3. It Makes You More Empathetic
Back to Harvard for this discovery: it turns out that time alone in between social interactions actually strengthens our sense of empathy. Empathy is our ability to connect with and "feel" the emotions and problems of others, and it's apparently enhanced if we spend time away from others, purely in our own company. That's a pretty fundamental point in favor of hermits.
4. It Makes You A Better Student
It turns out that study groups are kind of bad for you. In general, isolation has been linked to a higher capacity for concentration. And when it comes to doing something focused like studying for a test, science has shown that a bit of social hermit-time is the way to get the best grades. Two separate studies — conducted at NYU and University of Virginia, respectively — have turned up the fact that studying on your own is better for your grade point average, as it improves your ability to retain information and reproduce it in test situations. This goes back to the solo-time memory advantage again, but it's also a testimony to the sheer negative power of social distraction. So tell your mates you want to study for your French final or your next job performance review on your own. Science says you'll do better.
5. It Alleviates Feelings Of Depression
This particular finding only applies to adolescents, but it may also be relevant for adults: it seems that, after time alone, depressed teens feel a significant relief in their depressive symptoms, even if they didn't find the time alone all that pleasant. This is the crucial bit to understand — that the experience of brief periods of time spent alone might not be all that fun, but the after-effects will be worth it.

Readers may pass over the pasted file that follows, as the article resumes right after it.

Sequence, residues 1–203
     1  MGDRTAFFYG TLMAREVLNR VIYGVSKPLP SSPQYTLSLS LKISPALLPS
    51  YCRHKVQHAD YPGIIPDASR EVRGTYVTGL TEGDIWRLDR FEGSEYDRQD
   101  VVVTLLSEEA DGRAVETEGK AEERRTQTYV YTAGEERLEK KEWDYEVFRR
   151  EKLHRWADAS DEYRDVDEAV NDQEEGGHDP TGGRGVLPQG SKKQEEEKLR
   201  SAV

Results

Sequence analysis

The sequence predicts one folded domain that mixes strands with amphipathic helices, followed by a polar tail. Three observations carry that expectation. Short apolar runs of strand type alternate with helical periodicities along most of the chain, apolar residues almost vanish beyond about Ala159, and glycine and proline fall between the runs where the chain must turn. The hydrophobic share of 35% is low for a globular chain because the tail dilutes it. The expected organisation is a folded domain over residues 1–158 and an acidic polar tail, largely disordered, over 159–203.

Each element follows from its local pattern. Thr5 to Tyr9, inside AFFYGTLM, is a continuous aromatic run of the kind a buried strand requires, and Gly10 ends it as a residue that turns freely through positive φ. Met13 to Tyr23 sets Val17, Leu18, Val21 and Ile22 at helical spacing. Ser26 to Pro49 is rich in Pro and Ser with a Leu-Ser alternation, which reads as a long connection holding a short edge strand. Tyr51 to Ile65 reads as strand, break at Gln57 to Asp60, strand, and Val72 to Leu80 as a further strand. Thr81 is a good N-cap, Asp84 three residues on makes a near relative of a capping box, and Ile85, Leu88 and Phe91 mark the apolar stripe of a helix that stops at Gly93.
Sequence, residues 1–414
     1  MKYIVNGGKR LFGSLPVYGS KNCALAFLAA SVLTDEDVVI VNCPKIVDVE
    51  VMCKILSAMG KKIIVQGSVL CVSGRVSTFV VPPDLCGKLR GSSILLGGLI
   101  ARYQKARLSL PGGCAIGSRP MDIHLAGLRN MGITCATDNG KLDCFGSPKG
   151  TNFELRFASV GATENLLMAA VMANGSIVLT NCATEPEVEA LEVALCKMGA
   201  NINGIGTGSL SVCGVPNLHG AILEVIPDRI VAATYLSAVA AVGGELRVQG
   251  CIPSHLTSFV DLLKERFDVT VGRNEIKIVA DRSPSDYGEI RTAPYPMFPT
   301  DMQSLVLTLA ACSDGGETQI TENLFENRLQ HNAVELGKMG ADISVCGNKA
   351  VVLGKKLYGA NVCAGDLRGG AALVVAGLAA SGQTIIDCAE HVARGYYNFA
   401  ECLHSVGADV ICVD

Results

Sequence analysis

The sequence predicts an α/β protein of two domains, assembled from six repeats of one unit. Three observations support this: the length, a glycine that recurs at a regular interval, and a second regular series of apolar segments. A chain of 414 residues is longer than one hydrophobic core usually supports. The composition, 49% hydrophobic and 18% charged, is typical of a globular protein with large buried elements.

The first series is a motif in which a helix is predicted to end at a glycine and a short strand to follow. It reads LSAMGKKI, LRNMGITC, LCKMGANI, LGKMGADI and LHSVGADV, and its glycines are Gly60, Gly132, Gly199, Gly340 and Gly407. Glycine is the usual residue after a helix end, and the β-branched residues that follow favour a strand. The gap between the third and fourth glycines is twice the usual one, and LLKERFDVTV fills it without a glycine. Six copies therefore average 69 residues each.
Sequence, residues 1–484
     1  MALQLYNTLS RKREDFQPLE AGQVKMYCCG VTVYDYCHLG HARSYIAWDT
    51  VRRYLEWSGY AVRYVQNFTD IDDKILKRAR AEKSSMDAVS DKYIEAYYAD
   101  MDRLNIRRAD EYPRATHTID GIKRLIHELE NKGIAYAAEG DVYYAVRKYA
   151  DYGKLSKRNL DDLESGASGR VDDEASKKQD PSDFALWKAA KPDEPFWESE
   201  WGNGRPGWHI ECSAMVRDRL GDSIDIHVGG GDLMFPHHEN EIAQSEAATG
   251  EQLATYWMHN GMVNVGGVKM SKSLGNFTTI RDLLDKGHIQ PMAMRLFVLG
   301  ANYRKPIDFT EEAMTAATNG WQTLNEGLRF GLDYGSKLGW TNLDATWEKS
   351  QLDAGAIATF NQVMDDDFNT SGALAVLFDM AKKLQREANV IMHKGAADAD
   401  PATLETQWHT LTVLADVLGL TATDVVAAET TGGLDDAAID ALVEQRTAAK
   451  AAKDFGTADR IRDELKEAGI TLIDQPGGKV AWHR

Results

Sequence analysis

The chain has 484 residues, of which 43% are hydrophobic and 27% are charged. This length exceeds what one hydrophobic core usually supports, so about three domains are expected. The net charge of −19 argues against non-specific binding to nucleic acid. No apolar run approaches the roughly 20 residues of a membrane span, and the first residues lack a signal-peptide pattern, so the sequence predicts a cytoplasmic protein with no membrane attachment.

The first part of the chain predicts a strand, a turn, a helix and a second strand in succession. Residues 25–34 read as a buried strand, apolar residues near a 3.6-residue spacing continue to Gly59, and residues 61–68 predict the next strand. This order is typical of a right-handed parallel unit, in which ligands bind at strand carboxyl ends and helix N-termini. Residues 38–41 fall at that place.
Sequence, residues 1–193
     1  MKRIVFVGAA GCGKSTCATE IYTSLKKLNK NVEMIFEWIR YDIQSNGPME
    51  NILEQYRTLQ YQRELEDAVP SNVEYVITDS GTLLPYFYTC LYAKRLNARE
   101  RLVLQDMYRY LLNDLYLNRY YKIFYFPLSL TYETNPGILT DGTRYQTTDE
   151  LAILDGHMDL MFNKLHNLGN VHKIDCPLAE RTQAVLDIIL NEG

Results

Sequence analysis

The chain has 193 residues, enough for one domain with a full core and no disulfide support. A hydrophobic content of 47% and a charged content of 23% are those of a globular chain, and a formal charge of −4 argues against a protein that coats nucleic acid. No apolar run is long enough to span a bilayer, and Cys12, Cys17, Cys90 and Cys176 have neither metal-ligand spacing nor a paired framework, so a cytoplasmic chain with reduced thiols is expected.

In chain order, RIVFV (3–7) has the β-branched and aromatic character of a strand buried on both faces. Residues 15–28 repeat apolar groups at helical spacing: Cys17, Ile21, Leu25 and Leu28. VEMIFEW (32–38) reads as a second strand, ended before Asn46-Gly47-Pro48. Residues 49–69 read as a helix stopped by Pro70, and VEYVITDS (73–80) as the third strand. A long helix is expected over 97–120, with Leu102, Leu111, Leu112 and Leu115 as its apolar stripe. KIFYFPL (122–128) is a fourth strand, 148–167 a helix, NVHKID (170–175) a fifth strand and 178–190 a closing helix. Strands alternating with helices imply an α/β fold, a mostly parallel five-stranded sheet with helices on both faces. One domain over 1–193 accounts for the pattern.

And the scientists who ran the study also found that the best amount of time to be alone was "intermediate": not too much, not too little. They think the best way to view solitude is as "a strategic retreat that complements social experience," not as separating yourself from the world altogether. It's a pretty good way to look at it.
6. It Makes You More Innovative
Time apart from others seems to make us more able to have innovative ideas and be more creative. Psychologists believe this is because time spent alone separates us physically from the judgement and actions of others. Humans are inclined to want to imitate the other people around us — we even have mirror neurons in the brain devoted to helping us mimic other people — and that can make us less inclined to push the envelope.
Solitude is therefore tied to creativity — not just because, as an expert told the New York Times, it means “concentrating the mind on the tasks in hand, and preventing the dissipation of energy on social and sexual matters unrelated to work," but because it frees us from the strictures of fitting in, even unconsciously.This is why so many famous artists seem to flourish in their little garrets— in between going to bars and arguing about their work with others, of course. It's all in moderation, guys.